Social-Emotional Learning Is Vital — but Needs to Be Measured Correctly and Can’t Usurp Academics, Panelists Say

Linda Darling-Hammond and Chester E. Finn

Washington, D.C.

Social-emotional learning is important for schools to promote, but it shouldn’t come at the expense of academics, and new measures are needed to evaluate how it’s being taught, experts said at a panel Thursday.

Research is increasingly showing that learning is easier in a positive environment than a negative one, and that negative emotions take up brain space that could be used for learning and academics, said Linda Darling-Hammond, president and CEO of the Learning Policy Institute, a think tank. Employers are increasingly looking for critical thinking, executive function and collaboration skills that come from social-emotional learning, she added at the panel, part of the Reagan Institute Summit on Education.

While those skills are undoubtedly important, there’s a danger that emphasizing them pushes out academics, warned Chester E. Finn, distinguished senior fellow and president emeritus of the Thomas B. Fordham Institute.

“I think there’s a risk here … You can be social-emotionally very healthy but not know how to multiply 7 times 12. Let’s not settle for social-emotional health,” he said.

Key social-emotional skills can be infused into more traditional academic work, Darling-Hammond said, pointing to skills like perseverance and resilience when learning to revise an essay, or group work that teaches interpersonal skills.

Like anything in education, the key will be evaluating how well these essential skills are being taught.

“The question really is, because the answer is so clear [on the need for students to have social-emotional skills], how do we learn how to measure these things,” said Marc Sternberg, K-12 education program director at the Walton Family Foundation.

Measurements are being developed now, Darling-Hammond said.

A group of big-city districts in California known as the CORE, for instance, are working to measure social-emotional learning via observational scales completed by teachers. But that’s often cumbersome for educators, she said.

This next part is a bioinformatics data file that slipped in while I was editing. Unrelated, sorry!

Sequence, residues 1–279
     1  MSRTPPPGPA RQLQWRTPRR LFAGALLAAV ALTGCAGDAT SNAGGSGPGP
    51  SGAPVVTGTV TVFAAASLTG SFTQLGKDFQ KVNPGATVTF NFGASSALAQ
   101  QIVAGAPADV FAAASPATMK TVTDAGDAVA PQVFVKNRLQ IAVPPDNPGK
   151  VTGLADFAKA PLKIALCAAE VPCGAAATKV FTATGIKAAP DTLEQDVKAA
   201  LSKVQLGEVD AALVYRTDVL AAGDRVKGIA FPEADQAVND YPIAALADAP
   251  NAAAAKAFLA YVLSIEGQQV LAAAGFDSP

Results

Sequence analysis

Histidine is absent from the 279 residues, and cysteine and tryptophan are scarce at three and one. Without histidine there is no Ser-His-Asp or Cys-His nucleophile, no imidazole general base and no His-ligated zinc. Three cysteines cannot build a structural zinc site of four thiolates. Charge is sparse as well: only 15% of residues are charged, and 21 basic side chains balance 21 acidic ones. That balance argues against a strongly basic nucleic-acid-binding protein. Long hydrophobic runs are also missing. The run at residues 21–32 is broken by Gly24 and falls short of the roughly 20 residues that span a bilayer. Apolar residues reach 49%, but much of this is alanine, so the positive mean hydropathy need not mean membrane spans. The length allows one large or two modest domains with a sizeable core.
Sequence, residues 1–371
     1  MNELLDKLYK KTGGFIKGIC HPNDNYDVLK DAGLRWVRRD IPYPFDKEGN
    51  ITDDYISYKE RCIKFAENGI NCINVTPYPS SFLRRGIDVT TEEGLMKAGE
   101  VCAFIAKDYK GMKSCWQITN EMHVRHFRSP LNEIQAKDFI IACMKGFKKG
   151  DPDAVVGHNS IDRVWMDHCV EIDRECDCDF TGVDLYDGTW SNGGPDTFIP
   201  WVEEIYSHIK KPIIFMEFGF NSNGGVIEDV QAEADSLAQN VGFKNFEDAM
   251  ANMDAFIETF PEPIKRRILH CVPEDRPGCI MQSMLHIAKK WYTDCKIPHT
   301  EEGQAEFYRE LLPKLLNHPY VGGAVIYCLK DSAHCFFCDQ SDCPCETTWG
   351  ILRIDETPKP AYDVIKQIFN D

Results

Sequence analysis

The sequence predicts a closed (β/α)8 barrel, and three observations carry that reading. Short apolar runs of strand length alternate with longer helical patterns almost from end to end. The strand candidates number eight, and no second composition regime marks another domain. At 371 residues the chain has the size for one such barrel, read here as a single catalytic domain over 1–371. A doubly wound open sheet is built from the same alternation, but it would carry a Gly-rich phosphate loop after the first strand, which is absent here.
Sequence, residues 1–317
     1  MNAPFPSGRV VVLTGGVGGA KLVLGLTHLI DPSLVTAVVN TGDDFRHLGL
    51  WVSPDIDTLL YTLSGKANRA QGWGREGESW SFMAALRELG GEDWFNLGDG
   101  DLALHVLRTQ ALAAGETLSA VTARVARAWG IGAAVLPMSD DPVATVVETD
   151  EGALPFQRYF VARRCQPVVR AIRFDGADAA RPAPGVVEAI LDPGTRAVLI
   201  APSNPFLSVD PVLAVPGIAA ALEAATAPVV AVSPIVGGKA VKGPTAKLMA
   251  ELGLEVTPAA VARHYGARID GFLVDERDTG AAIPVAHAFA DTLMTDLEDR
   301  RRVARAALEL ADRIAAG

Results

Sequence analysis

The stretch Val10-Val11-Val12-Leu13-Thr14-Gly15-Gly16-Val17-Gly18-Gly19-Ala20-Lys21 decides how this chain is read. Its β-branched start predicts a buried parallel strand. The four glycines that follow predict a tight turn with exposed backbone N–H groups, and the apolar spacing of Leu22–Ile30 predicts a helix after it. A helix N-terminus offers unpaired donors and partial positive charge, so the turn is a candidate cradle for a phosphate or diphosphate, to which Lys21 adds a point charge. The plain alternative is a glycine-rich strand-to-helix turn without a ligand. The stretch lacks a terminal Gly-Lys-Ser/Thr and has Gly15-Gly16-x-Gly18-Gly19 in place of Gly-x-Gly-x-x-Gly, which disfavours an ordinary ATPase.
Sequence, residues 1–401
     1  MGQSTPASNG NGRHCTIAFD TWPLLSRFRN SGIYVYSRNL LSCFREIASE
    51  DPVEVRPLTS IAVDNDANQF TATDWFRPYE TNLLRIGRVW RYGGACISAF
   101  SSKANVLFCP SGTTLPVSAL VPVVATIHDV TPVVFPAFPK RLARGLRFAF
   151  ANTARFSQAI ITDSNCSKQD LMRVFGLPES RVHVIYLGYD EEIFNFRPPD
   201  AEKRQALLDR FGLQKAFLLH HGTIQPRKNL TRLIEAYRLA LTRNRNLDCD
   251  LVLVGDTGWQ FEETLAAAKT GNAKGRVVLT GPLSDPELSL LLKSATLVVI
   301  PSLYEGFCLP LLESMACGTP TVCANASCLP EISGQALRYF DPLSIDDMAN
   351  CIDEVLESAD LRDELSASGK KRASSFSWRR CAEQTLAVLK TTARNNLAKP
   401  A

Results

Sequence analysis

Many districts are using surveys of students and staff, which are considered more valid than the teacher-input systems, she added.

“We need to kind of sort our way through this process,” she said.

A lot more work needs to be done in this realm, Finn said, adding that “we barely have fully satisfactory metrics on academic learning.”

Once a reliable metric is developed, the next question is what to do with it.

Putting it in accountability systems makes the issue inherently political, Finn said.

Social-emotional learning shouldn’t be thought of as the next metric by which we should judge schools, said Pennsylvania Education Secretary Pedro A. Rivera.

“We’ve already learned our lesson in trying to find the silver bullet of accountability,” he added.

Philanthropy has fallen short in helping to develop this field, Sternberg said. Foundations should invest in projects that create rigorous evaluation, but also work to ensure that evaluations of social-emotional learning don’t replace academic measures in judging schools.

Disclosure: Walton Family Foundation provided financial support to the conference and The 74.

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